2. Stay Connected.
PT blogger Signe Whitson writes, “Bullies operate by making their victims feel alone and powerless. Children reclaim their power when they make and maintain connections with faithful friends and supportive adults.”
3. Use Simple, Unemotional Language.
Whitson also writes that an assertive, but unemotional response lets a bully “know that the victim does not intend to be victimized. It does not seek forgiveness, but does not pose a challenge either.” (Because a challenge gives a bully the attention and sense of power she or he is seeking.)
4. Set Limits.
Chrissy Scivicque writes, “The trick is to remain polite and professional while still setting your limits firmly. Don’t let the bully get under your skin—that’s what he wants. Practice your response so you’re prepared the next time something happens and you can respond swiftly without getting emotional. Keep it simple and straightforward, for example: ‘I don’t think your tone is appropriate.’”
5. Act quickly and consistently.
Whitson further tells us, “The longer a bully has power over a victim, the stronger the hold becomes. Oftentimes, bullying begins in a relatively mild form—name calling, teasing, or minor physical aggression. After the bully has tested the waters and confirmed that a victim is not going to tell an adult and stand up for his rights, the aggression worsens.”
6. Strike while the iron is cold.
Sometimes all you have to do with a bully is wait a little while. Rather than exchanging hostilities, step back so that you are not responding in the heat of the moment and meeting them on their own level. Cool heads find solutions more easily than hot ones. Besides, if you step back, they may do the dirty work for you. Rikki Rogers writes that, in the case of a bully using social media for negative purposes, “Never interfere with an enemy while he’s in the process of destroying himself. This is exactly what your bully is doing: marking herself with a big red flag. We may live in a world fully inundated with social media, but all truly professional organizations (and people) understand that this is not the mature way of acting in the workplace. So just ignore it. If your bully keeps it up, you won’t be worrying about her for long.”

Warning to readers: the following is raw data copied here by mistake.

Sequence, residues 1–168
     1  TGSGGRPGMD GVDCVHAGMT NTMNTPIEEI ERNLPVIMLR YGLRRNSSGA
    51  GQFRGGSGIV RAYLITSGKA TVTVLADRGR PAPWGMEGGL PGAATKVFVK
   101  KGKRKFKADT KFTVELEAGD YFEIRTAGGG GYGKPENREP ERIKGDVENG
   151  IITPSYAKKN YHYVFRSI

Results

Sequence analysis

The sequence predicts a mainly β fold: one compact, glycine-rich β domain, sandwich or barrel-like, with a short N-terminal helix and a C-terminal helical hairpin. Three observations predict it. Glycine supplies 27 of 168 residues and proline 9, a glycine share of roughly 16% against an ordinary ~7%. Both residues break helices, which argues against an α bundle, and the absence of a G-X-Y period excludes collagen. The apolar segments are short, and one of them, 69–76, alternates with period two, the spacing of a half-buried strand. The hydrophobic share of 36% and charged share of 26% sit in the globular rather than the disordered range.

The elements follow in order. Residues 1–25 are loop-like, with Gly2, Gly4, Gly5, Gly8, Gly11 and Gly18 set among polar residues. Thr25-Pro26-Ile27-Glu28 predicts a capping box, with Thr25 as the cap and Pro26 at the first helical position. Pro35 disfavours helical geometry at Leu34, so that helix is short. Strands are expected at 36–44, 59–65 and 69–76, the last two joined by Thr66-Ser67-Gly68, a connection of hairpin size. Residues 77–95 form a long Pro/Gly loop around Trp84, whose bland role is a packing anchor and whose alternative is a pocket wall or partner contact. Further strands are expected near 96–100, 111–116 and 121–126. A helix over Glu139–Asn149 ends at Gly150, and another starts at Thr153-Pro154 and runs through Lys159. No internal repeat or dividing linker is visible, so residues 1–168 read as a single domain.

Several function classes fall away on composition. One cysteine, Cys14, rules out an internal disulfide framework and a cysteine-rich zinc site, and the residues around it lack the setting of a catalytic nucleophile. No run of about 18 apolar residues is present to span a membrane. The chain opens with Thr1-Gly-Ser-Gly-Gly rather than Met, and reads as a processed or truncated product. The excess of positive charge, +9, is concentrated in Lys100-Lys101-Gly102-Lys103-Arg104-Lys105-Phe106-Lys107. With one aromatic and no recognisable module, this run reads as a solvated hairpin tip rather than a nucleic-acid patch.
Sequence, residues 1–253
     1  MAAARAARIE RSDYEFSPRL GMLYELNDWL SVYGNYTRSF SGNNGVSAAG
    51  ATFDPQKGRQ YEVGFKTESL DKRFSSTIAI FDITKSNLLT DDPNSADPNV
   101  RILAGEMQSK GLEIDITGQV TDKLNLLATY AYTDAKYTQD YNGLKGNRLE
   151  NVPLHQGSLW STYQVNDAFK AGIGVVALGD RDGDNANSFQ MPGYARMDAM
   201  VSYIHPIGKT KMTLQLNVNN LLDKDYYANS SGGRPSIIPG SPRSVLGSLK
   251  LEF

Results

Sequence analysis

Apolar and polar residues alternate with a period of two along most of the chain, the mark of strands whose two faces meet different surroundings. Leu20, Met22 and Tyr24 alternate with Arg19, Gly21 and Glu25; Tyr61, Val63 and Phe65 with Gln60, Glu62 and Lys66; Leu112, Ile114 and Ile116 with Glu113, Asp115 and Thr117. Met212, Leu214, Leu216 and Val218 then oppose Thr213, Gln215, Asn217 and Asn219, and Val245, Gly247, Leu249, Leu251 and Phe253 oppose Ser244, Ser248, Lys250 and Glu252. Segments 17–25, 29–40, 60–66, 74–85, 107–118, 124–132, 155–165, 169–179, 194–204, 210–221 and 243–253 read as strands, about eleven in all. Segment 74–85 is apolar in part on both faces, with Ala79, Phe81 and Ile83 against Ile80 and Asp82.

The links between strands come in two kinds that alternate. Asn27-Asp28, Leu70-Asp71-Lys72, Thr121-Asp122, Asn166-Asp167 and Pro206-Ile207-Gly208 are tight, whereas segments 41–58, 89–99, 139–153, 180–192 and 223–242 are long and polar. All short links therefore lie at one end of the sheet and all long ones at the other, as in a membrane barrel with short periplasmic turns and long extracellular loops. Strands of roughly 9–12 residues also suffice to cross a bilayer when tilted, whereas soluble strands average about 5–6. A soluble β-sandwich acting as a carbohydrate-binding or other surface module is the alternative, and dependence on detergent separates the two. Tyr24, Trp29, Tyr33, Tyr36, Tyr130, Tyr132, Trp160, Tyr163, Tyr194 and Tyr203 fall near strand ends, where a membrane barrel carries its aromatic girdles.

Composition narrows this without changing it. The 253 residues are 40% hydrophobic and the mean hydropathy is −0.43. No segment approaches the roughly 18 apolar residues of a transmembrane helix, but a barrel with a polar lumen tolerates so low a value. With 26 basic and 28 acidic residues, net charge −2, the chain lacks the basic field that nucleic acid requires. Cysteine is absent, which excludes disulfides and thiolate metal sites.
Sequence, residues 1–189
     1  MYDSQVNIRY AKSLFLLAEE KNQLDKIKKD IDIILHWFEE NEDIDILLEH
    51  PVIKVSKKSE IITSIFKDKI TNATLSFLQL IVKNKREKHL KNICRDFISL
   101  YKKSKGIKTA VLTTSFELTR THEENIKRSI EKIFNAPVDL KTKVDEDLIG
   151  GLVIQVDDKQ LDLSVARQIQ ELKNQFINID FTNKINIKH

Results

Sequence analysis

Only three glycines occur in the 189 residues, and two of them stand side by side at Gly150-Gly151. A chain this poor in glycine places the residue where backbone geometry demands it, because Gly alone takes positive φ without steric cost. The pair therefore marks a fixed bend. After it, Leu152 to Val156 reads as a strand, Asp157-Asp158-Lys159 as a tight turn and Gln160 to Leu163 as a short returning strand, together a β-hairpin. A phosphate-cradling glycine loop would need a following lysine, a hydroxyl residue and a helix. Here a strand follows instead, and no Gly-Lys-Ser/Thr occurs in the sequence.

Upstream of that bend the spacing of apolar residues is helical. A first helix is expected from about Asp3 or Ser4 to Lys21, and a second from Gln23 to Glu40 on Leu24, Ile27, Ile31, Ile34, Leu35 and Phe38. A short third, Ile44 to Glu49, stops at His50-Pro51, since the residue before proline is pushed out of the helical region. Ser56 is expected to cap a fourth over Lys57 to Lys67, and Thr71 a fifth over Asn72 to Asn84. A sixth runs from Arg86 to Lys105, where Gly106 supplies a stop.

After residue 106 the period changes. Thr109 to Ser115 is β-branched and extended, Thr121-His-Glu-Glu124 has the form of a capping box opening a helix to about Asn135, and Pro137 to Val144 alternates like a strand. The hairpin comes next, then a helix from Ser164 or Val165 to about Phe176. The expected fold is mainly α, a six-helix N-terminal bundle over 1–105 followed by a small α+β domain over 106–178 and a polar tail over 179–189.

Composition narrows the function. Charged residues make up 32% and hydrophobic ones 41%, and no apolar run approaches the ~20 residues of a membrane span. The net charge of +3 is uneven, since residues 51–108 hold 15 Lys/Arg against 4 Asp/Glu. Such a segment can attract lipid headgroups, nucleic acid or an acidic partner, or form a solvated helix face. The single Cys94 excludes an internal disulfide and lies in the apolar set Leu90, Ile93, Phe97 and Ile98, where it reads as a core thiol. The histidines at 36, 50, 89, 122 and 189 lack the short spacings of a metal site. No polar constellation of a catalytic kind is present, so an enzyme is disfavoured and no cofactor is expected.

So what can you do about the bully in your life?
Every one of these suggestions might not work for you, but don’t give up hope if you try something and nothing happens right away. You have to keep at it, and stay consistent. You might also try combining several of the suggestions. That’s what Susan’s family did. Her daughter called her dad and her brother and asked if they could get together to talk. It took work, but they both eventually agreed. She asked if they could approach Susan with a very specific request. “It will only work if we all stand together, and if we stand firm,” she said. “We also will have to stay completely calm about it, and we’ll have to expect to fail the first few attempts. But maybe we could get together afterward to talk and take care of ourselves?”
Her dad was worried that they were ganging up on Susan, but his daughter said, “I don’t want to spend the rest of my life not talking to Mom. But I can’t reconnect to her on my own.”
The single thing they decided to focus on? That Susan not call them mean names when she spoke to them. “It’s hurtful and demeaning,” said the daughter when they finally had the family gathering. “Yeah,” said her brother. “I don’t know if you really do think I’m a stupid idiot, but it sounds like you do. So that’s how I act.”
Susan was angry, resentful, and unkind during the first get-together. She hurled insults at all of them, and wrote them nasty emails when the meeting was over. But they persevered, and after several attempts, she finally agreed to the one request. “I don’t want to hurt anyone,” she said tearfully. “But I’ll need you to remind me. Can you do it nicely?”
Susan did not stop being a bully after this one “intervention,” but her family members’ self-esteem flourished as a result. Her daughter began to have more contact with the family and to get some support from other extended family connections. With similar support, her son went into therapy and eventually back to work. And her husband found that he, too, was able to have a better relationship with Susan when he refused to accept her nastiness as inevitable and unchangeable.